The stairs rise up alongside themed planting borders reminiscent of a mountain slope. The plants seemed to be mainly mediterranean species with lavenders and rosemary edging the steps. Some Echiums native of the Canary Islands will be quite spectacular when they produce flower heads several feet high and the Strelizia plants or bird of paradise were already in flower.
Higher up the stairs the planting took on a more South African theme with Agapanthus and Kniphofia and higher still the planting was predominantly fig trees, tree ferns and cycads.
Little seating areas surrounded by greenery created welcome private enclaves within this huge public space
Jurassic park…perhaps the highest tree ferns in London
Looking west we noticed some of the city’s other roof gardens…
The Coq d’Argent restaurant and garden on the top of N0 1 Poultry, with its distinctive pink and yellow limestone clad building
The elegant parterres on the roof of Rothschild’s HQ
The roof garden atop Cannon Street Railway Building
Now on the final top floor the views from the windows looked northwards.
Tower 42, The Cheesegrater and the Gherkin all in a row looking at this new neighbour.
My regular readers will know that I am very fond of Spitalfields and it was remarkable to be able to see Hawksmoor’s Christ Church on the corner of Fournier Street and Commercial Street in the distance!
Ten past three by the Christ Church clock…and the Town House Gallery with its lights shining on a grey afternoon…a bit late for tea according to Rupert Brooke so we settled for a cup of coffee instead!
Coming back down the stairs on the eastern side to the coffee shop with the best view in London!
Dusk approaches across the city
The extraordinary views to be had from within this building’s Sky Garden make me forgive a little its
ungainly exterior and gargantuan scale. Among all these photos, the one of
St.Paul’s, surrounded by towering forests of green and red cranes, best describes London’s
uneasy efforts to preserve its unique architectural heritage while more and more generically-designed skyscrapers (behemoths which would seem equally at home in Singapore, or Manhattan)
Really nice photographs! You have given the building a good write-up! Glad you enjoyed the visit & look forward to the next exploration
Love this one, Anne. Great to see some familiar places and some new ones. Impressed with the amount of building that’s going on in London, too. How was the coffee?
Hope you’re all well.
Lots of love Aise
Regards Allison Alan-Brown B A Sound 031 303 4457 083 270 1726 Sales@basound.co.za
Sent from my iPad
Coffee very good! Thanks for your comments and continuing to follow my blogs!
I am pleased to see the interior because when I was in London last, it was just reaching the roof in construction. I must agree with another comment you got – it is not an attractive exterior – to say the least….Thanks.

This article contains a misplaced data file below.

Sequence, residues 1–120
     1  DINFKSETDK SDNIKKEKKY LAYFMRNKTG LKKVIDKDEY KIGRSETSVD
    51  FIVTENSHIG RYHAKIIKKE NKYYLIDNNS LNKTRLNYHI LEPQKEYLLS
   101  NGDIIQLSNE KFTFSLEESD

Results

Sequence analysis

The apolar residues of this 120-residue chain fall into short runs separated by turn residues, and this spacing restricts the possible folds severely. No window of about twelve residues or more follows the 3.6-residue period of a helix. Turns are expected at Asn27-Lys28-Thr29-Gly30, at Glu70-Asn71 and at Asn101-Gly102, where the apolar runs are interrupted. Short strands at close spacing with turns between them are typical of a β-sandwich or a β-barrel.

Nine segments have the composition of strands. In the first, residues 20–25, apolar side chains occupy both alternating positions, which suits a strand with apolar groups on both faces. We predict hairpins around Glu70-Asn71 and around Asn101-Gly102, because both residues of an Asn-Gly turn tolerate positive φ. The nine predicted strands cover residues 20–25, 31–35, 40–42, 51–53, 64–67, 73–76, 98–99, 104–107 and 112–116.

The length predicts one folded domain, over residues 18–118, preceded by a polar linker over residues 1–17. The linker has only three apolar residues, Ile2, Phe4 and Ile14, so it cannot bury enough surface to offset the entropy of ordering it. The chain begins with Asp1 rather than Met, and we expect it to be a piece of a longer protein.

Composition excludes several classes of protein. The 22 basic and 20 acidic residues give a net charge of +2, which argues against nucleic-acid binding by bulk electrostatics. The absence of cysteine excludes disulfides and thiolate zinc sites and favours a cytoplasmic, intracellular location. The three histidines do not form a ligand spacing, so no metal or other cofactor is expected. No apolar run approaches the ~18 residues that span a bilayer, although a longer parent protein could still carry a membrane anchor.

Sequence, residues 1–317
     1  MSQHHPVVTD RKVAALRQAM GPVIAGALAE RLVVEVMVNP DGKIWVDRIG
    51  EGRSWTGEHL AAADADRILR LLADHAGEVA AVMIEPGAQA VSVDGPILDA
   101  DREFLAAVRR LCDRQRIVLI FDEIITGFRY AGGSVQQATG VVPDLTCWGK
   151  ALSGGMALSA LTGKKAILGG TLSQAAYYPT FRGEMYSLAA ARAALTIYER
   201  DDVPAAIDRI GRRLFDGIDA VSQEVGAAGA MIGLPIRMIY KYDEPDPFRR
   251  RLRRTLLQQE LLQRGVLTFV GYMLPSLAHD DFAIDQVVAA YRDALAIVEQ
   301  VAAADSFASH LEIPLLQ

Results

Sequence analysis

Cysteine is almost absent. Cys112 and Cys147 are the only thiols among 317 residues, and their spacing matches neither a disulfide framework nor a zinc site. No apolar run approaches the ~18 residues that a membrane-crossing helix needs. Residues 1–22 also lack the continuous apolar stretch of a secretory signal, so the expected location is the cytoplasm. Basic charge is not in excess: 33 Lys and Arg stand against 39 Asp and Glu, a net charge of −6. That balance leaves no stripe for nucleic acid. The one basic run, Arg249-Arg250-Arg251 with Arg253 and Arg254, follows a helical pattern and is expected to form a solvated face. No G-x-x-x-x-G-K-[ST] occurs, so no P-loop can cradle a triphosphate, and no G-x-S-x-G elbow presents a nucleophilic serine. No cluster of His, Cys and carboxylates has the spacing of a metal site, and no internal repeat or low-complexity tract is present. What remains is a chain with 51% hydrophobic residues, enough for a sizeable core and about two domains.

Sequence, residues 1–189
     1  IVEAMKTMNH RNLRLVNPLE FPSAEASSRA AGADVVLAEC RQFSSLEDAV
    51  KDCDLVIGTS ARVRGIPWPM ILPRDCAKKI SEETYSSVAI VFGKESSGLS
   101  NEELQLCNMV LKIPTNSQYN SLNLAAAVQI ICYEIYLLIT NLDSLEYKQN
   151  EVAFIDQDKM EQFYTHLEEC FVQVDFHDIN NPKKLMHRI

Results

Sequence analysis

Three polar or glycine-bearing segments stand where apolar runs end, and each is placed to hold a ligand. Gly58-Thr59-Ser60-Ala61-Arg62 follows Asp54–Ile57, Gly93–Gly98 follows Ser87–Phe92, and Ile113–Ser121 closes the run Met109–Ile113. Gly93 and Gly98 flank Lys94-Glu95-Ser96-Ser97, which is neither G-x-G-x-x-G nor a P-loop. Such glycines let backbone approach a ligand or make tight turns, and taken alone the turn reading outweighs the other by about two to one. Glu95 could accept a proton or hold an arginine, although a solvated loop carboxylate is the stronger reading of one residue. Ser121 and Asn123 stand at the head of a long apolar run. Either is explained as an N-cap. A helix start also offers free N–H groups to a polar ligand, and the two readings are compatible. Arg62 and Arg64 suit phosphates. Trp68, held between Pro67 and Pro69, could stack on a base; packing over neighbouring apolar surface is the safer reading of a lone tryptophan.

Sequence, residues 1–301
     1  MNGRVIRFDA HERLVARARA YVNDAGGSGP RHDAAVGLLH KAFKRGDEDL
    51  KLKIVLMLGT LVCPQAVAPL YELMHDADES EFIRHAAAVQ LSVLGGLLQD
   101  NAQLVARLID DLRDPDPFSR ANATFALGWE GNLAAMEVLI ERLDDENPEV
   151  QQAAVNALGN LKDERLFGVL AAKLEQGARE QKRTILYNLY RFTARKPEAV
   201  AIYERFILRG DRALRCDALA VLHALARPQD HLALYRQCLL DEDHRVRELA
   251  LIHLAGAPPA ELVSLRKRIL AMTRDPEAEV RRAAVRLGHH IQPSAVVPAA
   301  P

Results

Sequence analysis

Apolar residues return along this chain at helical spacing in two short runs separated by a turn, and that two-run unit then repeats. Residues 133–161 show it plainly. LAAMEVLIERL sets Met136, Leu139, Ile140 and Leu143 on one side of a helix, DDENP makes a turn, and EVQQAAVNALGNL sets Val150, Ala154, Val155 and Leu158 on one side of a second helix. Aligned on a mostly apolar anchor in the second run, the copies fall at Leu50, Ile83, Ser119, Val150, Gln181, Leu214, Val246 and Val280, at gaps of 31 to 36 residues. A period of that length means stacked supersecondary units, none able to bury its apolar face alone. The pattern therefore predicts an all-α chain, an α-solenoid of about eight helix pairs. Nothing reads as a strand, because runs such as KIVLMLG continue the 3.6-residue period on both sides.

I love architecture, and I adore London’s modern skyline, but I have to admit I loath the ‘Walkie Talkie’ with a passion. I think it’s a hideous design and a real eyesore. But Anne, you have made it look rather beautiful with your collection of photos here. What stunning views. I love the shot of Tower 42, the Leadenhall building and the Gherkin all in a row! The garden is superb and it certainly is wonderful that the public can access it … and for free! I also love your shots of all the other roof gardens out there. I had no idea they existed. Another great post Anne x
I agree with you that it is probably the most unaesthetic building on the skyline, but once inside it of course you can’t see it!!
Some wonderful views Ann. I wasn’t going to go after hearing negative comments, but will do now!
Ugly the building may be but it provides some wonderful views of London and Londons rooftop gardens. You have provided an interesting insight into London with a different perspective using lovely photographs and amazingly admission is free. I would happily spend an hour or three in the viewing area. You say the coffee is good but can you buy a tasty cake. Thanks Anne for this interesting insight into our capital city.
Yes indeed a large assortment of tasty cakes are on sale!
Fascinating. Great photos Anne. I must try and drag Him Indoors over there one day in the spring. Have a great weekend!
I really enjoyed seeing your photos. As I am also a gardener, I was thrilled to see so many rooftop gardens in the City! I lived in London for twenty odd years, and when I first went there, the Post Office Tower was the height of excitement (so to speak) and then Canary Wharf was built! I visit when I can but don’t do much ‘sightseeing’, it’s more to meet up with friends, so it is great to see so many amazing new buildings. Happy 2016 and I’ll look forward to all your projected posts.
Thank you for stopping to read my post and glad you enjoyed it! Do feel free to follow so you receive my posts in the future and thank you for commenting!
Absolutely wonderful, and i didn’t know it existed!